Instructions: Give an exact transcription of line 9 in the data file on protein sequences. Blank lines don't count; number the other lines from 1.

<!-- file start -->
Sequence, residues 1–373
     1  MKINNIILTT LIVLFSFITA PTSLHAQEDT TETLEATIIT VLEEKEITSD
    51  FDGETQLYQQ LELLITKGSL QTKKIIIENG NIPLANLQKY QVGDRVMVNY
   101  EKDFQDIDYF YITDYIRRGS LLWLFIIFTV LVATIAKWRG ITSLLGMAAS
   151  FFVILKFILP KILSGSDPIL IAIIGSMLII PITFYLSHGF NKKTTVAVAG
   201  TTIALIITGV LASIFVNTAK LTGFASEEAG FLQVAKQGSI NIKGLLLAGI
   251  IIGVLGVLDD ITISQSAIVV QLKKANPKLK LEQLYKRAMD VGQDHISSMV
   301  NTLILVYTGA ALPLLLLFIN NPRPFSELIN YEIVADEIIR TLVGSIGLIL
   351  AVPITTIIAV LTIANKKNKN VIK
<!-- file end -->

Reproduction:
   351  AVPITTIIAV LTIANKKNKN VIK